As someone obsessed with handheld gaming consoles, Nintendo’s Switch should have been the ultimate portable system for me. Instead, it actually made me nostalgic for Tiger Electronics’ LCD handhelds; arguably some of the first true portable video game systems. They were cheap, durable, simple, and addictive, and 30 years later I find myself missing that experience.

I don’t have a lot of free time to devout to playing and finishing games these days. I’ll occasionally have a few minutes of boredom I’m looking to kill, but I don’t think I could even load Breath of the Wild in that amount of time. That’s where the cheap LCD games of the late ‘80s and ‘90s excelled. They were bite-size snippets of action with a goal that was rarely more involved than registering a new high score. They required no serious commitment and there were no tutorials to slog through. You could easily hop in into a game in a couple of seconds, enjoy a few minutes of satisfying button mashing, and then quickly stash them away until you needed to feed your gaming addiction again—minus the side effects of losing hours of your life or blowing your budget.

Founded by Arnold, Gerald, and Randy Rissman in 1978, Tiger Electronics got its start making simple electronics like phonographs, but transitioned to interactive toys and LCD-based gaming devices in the early ‘80s. For a while the company’s most notable product was a series of portable game devices based on Universal’s 1976 King Kong remake featuring a knock-off version of Nintendo’s Donkey Kong. It led to a legal dustup between Universal and Nintendo over who owned the rights to giant apes, which Nintendo eventually won, but ultimately decided not to take down Tiger Electronics in the process.

A few years after the Kong controversy blew over, Tiger Electronics settled on a design for a series of electronic handheld games that the company would eventually sell millions of in the late ‘80s and ‘90s. The first games in Tiger’s new lineup, released in 1987, were sports titles like football, skeet shooting, and baseball, which also happened to be the first Tiger handheld I ever owned.

Before Tiger’s new line, portable gaming systems always came with a premium price tag. I can remember drooling over mini tabletop arcades in catalogs, but never actually putting them on my Christmas or birthday wish lists for fear of maxing out what my parents were willing to spend. Even Nintendo’s Game & Watch handhelds were on the pricy side, but in 1987 Tiger Electronics changed that. Its new handhelds featured a gratuitous use of plastic—from the housings, to the buttons, to even the display covers—and simple segmented LCD screens, barely a couple of inches in size, that could only display a limited and crude collection of graphics and animations. If there was such a thing as disposable video games, Tiger’s handhelds came close to being that.

Gameplay is almost an eyesore now, but I can’t even begin to count the number of hours I’ve stared at that tiny screen.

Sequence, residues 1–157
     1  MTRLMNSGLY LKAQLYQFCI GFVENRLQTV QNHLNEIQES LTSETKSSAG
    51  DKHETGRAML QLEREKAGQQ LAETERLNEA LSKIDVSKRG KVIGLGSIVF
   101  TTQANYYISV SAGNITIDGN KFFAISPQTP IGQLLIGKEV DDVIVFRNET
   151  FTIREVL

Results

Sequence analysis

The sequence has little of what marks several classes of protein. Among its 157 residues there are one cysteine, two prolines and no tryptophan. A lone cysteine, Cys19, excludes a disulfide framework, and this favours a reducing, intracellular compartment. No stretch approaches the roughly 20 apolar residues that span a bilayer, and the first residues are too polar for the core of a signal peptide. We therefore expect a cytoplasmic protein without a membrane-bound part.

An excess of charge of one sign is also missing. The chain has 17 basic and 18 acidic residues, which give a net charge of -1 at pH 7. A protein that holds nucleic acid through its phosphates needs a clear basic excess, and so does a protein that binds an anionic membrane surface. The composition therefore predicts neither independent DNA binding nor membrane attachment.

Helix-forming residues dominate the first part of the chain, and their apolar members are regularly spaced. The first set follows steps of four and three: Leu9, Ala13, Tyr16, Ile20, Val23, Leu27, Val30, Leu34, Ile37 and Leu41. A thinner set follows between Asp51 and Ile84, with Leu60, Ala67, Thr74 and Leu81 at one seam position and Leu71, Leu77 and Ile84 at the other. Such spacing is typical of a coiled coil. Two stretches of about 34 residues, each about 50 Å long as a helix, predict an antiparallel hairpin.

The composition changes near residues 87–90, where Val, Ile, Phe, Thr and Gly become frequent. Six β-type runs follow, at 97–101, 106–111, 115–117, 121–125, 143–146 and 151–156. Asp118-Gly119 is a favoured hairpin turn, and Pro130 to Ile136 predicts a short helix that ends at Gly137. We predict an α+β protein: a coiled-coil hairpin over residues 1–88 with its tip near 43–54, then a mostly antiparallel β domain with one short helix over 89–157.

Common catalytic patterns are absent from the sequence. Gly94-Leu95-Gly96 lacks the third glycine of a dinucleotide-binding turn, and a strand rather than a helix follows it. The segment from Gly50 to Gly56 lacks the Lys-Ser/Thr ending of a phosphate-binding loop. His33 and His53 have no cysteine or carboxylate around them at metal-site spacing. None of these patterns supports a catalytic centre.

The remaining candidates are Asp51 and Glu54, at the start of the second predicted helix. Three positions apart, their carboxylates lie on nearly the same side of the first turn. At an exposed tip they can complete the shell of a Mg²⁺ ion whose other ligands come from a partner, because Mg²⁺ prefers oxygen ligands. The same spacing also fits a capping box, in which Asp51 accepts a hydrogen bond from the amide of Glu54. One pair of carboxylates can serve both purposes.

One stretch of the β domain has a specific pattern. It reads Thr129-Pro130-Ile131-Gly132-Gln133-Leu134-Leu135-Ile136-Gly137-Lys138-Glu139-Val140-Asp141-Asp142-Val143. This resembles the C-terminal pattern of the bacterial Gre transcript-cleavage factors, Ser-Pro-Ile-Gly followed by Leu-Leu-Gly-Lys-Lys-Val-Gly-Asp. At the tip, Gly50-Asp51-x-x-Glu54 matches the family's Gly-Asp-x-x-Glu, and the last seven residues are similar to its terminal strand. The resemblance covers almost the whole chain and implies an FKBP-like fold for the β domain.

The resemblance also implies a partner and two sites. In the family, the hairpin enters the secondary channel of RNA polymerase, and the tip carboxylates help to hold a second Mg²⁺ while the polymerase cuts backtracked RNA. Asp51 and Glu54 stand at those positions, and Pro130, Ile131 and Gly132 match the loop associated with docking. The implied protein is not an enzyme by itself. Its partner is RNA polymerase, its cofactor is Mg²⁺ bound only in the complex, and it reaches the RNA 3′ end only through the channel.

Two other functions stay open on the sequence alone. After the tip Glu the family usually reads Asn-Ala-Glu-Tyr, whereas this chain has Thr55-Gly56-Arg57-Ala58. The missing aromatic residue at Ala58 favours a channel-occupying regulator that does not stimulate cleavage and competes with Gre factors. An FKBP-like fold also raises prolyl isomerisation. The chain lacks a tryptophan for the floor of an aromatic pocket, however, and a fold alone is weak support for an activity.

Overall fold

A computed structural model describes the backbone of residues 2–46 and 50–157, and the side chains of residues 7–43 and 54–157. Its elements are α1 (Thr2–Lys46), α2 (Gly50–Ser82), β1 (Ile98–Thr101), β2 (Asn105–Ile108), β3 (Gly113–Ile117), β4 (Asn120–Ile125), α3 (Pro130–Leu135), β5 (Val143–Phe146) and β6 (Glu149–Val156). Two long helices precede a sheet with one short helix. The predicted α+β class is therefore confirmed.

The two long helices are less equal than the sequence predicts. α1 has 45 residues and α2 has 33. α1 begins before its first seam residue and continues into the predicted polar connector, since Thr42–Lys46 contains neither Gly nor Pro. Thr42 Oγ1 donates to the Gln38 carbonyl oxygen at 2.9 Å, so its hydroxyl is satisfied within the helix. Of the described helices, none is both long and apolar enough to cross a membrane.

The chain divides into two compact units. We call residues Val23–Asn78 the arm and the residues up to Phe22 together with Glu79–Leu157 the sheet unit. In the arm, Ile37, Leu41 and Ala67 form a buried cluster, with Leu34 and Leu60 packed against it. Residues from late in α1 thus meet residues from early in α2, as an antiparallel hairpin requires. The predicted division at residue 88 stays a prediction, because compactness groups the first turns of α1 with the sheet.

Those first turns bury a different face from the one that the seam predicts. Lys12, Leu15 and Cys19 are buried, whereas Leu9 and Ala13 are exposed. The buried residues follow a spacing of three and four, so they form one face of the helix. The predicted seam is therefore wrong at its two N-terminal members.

GIF: Andrew Liszewski (Gizmodo)

Gameplay was equally basic. Tiger’s Electronic Baseball played more like an enhanced home run derby where the player’s team never actually takes the field. Just two buttons were used to swing at every pitch and then strategically advance your players from base to base—with “strategically” being used very generously here.

But the 10-year-old version of me didn’t care, he absolutely loved this game, bringing it on long road trips and even smuggling it into Sunday school every week. I also didn’t care that Bases Loaded on the NES was a vastly superior experience; Tiger’s version could come with me anywhere, I didn’t have to take turns playing with my siblings, and I didn’t have to wait until my parents were done watching something on TV. Playing it today I rarely get past a couple of innings before losing interest, but the simplicity is exactly why I still keep games like these in easy reach, and keep coming back. They scratch an itch without destroying my productivity.

All the corner cutting also meant that Tiger Electronic’s handhelds were usually around $20 each, easily accommodating the budgets of most 10-year-olds reliant on allowances or birthday money for income. The plastic still feels cheap and my baseball game is covered in scratches and scars from being endlessly dropped and rage-thrown, but it’s one of my few childhood electronic toys that still works fine 30 years later. Tiger had found the perfect balance between price, durability, and addictiveness to hook a generation.

It also helped that the company was almost obsessive about licensing popular properties like movies, video games, and even TV shows. Unlike a console game these handhelds didn’t require months of complicated development. Tiger could churn these games out quickly, and it did just that. Mortal Kombat, Jurassic Park, Star Wars, GI Joe, Captain Planet, Full House, The Little Mermaid—if something was pop culturally relevant in the ‘90s, there’s a good chance there was a Tiger Electronics handheld game made for it.

So why isn’t Tiger Electronics a dominant name in gaming today? The brand is definitely still around, now owned by Hasbro, but the clock started ticking on the company’s cheap and simple approach to handheld gaming on April 21, 1989, when Nintendo’s Game Boy was released. It was more expensive than Tiger’s handhelds, but every game offered unique gameplay, graphics, and sound, and game carts could often be found competitively priced. Tiger eventually released its own cartridge based system in 1997, the Game.com, that included online connectivity and a touchscreen, but the Game Boy Color arrived soon after, and Tiger Electronics simply wasn’t big enough to take on Nintendo any more.